U.S. foreign minister Antony Blinken meets with Chinese counterpart Wang Yi amid Taiwan tensions

The flags of the United States and China fly from a lamppost in the Chinatown neighborhood of Boston, Massachusetts, U.S.

Senior diplomats from the United States and China began a meeting on Friday with tensions high after a visit to Taiwan by U.S. House Speaker Nancy Pelosi and an explicit pledge by U.S. President Joe Biden to defend the Chinese-claimed island.

U.S. Secretary of State Antony Blinken and Chinese Foreign Minister Wang Yi shook hands in New York on the margins of the United Nations General Assembly, but did not respond to shouted questions from the media as they sat down for talks.

The State Department had said earlier the meeting was part of Washington’s ongoing efforts to “maintain open lines of communication and manage competition responsibly.”

It comes days after Biden said U.S forces would defend Taiwan in the event of a Chinese invasion, drawing an angry response from China that said it sent the wrong signal to those seeking an independent Taiwan.

Biden’s statement is the latest instance of his appearing to go beyond a long-standing U.S. policy of “strategic ambiguity” which does not make it clear whether Washington would respond militarily to an attack on Taiwan.

His comments were also the most explicit to date about committing U.S. troops to the defend the island, although the White House insisted its Taiwan policy had not changed.

In a phone call with Biden in July, China’s leader Xi Jinping warned about Taiwan, saying “those who play with fire will perish by it.”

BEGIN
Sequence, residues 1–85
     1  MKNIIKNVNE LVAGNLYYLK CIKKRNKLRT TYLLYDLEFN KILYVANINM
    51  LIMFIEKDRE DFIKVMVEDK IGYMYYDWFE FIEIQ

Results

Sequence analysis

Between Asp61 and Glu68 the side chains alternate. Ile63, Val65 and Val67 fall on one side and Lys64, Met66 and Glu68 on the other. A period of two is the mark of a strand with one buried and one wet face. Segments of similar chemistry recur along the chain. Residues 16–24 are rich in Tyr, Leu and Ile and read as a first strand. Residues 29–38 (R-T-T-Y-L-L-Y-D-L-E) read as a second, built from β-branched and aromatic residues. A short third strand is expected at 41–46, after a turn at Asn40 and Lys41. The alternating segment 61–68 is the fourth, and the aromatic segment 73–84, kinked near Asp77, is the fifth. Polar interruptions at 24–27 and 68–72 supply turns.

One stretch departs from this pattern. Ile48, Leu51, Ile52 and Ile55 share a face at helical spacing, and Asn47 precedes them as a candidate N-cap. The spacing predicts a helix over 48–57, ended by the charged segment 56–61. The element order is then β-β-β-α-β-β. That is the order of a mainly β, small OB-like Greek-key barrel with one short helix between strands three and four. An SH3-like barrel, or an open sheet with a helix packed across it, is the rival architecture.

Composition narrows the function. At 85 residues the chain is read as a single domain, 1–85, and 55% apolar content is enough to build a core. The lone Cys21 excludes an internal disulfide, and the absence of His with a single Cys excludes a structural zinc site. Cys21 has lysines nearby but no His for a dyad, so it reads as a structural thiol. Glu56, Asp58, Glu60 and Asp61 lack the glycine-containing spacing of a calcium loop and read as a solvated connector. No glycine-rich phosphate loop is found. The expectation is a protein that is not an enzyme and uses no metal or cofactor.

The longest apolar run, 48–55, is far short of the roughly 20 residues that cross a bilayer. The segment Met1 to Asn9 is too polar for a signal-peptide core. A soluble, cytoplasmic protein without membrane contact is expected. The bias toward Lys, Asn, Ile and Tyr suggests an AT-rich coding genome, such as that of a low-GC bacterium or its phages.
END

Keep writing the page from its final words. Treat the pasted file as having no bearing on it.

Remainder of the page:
After Pelosi’s solidarity visit to Taipei early last month, China deployed scores of planes and fired live missiles near the island.

In a speech to the Asia Society think tank in New York on Thursday, Wang said the Taiwan question was growing into the biggest risk in China-U.S. relations.

“Should it be mishandled, it is most likely to devastate our bilateral ties,” Wang said, according to a transcript from China’s Embassy in Washington.

Likewise, the decades old U.S. law outlining Washington’s unofficial relations with Taiwan – which Beijing considers null – makes clear that Washington’s decision to establish diplomatic relations with China in 1979 “rests upon the expectation that the future of Taiwan will be determined by peaceful means.”

China sees democratically governed Taiwan as one of its provinces. Beijing has long-vowed to bring Taiwan under its control and has not ruled out the use of force to do so.

Taiwan’s government strongly objects to China’s sovereignty claims and says only the island’s 23 million people can decide its future.

Earlier in the week, Wang met with former U.S. Secretary of State Henry Kissinger, the architect of U.S. relations with communist China, and said a “peaceful reunification” with Taiwan was China’s aspiration.

However, he said the possibility of a peaceful resolution was diminished by ever more “rampant” Taiwanese independence sentiment and he invoked a Chinese proverb: “It is better to lose a thousand soldiers than an inch of territory.”

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